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Diagnostic tests and procedures for heart diseases echocardiogram cardiac stress test electrocardiogram (ECG or EKG) electrophysiologic study sphygmomanometer (blood pressure cuff) IVUS (intravascular ultrasound)

IVUS (Intravascular ultrasound)

Intravascular ultrasound (IVUS) is a catheter-based technique, which provides real-time high-resolution images allowing precise tomographic assessment of lumen area, plaque size, and composition of a coronary segment, and therefore provides new insights into the diagnosis of and therapy for coronary disease. The arteries of the heart (the coronary arteries)

have been the most frequent imaging target. IVUS is used in the coronary arteries to determine the amount of disease at any particular point in one of the coronary arteries regardless the presense or absence of any stenosis. Additionally, IVUS also facilites much more accurate measurement of the degree of stenosis of the opening of the coronary arteries than possible with angiography.

IVUS uses high-frequency sound waves (also called ultrasound) that can provide a moving picture of your heart. The pictures come from inside the heart rather than through the chest wall. The sound waves are sent with a device called a transducer. The transducer is attached to the end of a catheter, which is threaded through an artery and into your heart. The sound waves bounce off of the walls of the artery and return to the transducer as echoes. The echoes are converted into images on a television monitor to produce a picture of your coronary arteries and other vessels in your body.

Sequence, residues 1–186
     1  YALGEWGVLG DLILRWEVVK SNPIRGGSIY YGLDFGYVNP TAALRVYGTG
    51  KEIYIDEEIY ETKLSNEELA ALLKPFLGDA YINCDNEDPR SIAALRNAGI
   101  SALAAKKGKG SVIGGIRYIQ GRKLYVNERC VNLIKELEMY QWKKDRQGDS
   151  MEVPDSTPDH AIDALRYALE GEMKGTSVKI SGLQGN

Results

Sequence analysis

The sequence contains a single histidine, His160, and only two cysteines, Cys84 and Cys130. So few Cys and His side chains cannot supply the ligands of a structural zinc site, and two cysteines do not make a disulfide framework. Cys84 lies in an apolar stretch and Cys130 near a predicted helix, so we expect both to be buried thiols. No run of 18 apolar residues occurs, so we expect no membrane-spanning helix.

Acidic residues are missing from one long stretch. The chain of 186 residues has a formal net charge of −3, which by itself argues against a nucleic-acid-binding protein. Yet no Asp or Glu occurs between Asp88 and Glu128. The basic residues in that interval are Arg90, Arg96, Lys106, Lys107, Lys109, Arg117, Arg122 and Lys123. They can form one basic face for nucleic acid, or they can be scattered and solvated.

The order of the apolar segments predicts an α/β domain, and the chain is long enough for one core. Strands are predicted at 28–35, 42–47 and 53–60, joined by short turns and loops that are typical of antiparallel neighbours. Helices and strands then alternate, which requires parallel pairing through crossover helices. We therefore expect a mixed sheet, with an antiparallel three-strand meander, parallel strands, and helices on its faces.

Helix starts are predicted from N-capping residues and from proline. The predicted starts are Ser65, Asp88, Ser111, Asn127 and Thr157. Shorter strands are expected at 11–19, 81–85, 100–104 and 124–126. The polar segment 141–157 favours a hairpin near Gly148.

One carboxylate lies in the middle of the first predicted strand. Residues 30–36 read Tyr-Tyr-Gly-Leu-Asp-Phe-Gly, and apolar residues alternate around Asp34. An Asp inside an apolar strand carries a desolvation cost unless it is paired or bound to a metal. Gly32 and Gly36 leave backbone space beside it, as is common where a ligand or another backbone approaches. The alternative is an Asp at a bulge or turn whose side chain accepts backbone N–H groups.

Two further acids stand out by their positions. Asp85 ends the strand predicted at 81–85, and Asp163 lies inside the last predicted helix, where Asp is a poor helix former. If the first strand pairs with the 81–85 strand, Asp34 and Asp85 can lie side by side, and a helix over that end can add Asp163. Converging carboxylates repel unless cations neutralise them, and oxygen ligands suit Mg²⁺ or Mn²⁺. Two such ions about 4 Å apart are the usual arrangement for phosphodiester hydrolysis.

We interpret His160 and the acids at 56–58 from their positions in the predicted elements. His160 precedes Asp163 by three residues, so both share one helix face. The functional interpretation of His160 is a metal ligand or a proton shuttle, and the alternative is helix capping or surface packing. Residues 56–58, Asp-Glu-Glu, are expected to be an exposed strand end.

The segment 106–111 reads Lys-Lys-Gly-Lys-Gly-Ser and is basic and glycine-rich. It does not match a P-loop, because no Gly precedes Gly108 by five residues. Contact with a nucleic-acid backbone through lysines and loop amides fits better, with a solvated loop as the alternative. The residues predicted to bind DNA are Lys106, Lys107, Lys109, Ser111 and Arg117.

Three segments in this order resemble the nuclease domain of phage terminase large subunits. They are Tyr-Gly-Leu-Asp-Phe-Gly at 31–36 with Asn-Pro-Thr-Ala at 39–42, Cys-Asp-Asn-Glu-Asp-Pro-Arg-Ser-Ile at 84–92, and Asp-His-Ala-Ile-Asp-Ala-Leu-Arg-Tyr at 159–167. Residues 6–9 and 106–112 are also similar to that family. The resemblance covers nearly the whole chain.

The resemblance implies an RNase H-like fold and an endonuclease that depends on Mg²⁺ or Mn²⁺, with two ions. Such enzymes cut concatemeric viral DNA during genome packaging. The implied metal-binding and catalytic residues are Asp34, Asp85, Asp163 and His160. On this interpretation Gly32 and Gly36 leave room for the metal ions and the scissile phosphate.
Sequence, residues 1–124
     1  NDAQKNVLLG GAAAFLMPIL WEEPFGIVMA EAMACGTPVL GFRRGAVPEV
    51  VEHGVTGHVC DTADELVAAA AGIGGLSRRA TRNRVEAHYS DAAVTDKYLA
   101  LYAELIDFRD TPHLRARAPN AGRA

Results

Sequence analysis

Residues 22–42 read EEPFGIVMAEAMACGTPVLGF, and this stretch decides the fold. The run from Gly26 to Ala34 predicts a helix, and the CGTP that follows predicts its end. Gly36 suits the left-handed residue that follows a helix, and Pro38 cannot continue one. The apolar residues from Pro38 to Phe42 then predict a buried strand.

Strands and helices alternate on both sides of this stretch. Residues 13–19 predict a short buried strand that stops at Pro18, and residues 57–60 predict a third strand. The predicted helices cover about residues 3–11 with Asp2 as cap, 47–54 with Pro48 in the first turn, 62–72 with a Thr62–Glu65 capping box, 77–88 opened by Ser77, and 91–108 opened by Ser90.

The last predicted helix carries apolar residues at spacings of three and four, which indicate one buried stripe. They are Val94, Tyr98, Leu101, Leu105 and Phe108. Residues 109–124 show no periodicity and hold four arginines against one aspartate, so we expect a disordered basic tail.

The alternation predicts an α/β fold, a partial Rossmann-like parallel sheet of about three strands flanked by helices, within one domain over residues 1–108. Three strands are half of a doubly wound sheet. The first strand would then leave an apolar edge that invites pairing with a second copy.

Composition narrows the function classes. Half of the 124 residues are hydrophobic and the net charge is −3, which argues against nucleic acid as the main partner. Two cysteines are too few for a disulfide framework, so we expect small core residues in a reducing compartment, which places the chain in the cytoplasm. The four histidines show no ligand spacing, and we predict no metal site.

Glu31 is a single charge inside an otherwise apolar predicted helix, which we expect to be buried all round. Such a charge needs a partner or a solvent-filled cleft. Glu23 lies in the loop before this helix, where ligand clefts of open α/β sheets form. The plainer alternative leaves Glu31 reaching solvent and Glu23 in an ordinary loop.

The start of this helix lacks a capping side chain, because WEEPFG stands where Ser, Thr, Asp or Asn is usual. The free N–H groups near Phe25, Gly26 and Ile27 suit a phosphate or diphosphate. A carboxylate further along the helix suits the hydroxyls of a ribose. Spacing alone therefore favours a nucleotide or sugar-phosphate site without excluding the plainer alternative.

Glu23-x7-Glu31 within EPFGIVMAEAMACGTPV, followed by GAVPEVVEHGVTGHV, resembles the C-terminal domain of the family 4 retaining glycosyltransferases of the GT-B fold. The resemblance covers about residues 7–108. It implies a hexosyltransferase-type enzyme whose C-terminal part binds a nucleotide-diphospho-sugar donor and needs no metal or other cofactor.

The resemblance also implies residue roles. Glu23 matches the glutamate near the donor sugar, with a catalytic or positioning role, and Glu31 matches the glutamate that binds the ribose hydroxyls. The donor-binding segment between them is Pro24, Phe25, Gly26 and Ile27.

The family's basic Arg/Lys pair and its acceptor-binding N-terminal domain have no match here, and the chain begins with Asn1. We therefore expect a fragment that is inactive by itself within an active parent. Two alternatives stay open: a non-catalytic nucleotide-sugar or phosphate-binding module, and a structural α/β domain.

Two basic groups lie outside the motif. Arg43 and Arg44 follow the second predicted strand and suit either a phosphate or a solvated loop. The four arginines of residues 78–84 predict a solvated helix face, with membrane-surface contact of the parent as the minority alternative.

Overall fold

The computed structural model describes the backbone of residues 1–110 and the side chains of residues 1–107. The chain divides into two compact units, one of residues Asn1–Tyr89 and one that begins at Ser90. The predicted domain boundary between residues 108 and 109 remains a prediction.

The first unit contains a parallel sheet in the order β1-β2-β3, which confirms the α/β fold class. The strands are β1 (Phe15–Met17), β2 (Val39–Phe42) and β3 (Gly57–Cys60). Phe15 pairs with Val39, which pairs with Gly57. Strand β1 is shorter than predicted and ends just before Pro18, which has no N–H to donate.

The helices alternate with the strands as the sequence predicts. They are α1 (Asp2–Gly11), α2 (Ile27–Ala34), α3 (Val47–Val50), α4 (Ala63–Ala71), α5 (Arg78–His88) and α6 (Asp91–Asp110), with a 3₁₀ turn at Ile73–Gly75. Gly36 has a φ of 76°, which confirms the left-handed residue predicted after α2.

In IVUS images, the lumen is typically a dark echo-free area adjacent to the imaging catheter, and the coronary artery vessel wall mainly appears as three layers: intima, media, and adventitia. In clinical research, the two inner layers are of principal concern. Segmentation of IVUS images to isolate the intima-media and lumen provides important information about the degree of vessel obstruction as well as the shape and size of plaques. However, manual segmentation is time-consuming and susceptible to intra- and inter-observer variance.

Based on the fact that the interaction of ultrasound with coronary arterial structures gives rise to typical image patterns that may be used to identify the lumen and arterial wall in ultrasound images, we have developed an automatic method to segment the plaque or intima-media area of coronary arteries in IVUS images based on a deformable model, which integrates both edge and region information. A “time-delayed” discrete dynamic programming approach is adopted to implement this method. The key characteristic of our method compared to other methods used in IVUS image segmentation is that it uses contrast information for edge detection, rather than the gray level gradient in the images.

Some segmentation results obtained by our method are presented below. Since several studies have reported good correlation of expert-determined measurements with histology, we have validated our method by comparing the boundaries obtained by automatic segmentation with corresponding hand-traced ones. The lower images, which were scanned after the contours had been drawn by the expert, have slight deformations compared to the computer-generated results. However, from the local image textures, it can be seen that the contours generated by our algorithm are very close to the ones traced by the experts.

IVUS, as outlined above, has been the best technology, so far, to demonstrate the anatomy of the artery wall in living animals and humans. It has lead to an explosion of better understanding and research on both (a) the behavior of the atherosclerosis process and (b) the effects of different treatment strategies for changing the evolution of the atherosclerosis disease process. This has been important given that atherosclerosis is the single most frequently devastating disease process for the greatest percentage of individuals living in first world countries.

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